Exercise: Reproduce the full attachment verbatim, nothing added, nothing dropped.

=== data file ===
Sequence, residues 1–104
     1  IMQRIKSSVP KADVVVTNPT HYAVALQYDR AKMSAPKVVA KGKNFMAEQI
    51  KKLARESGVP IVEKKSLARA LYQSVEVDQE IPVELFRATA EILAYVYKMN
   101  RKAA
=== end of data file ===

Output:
Sequence, residues 1–104
     1  IMQRIKSSVP KADVVVTNPT HYAVALQYDR AKMSAPKVVA KGKNFMAEQI
    51  KKLARESGVP IVEKKSLARA LYQSVEVDQE IPVELFRATA EILAYVYKMN
   101  RKAA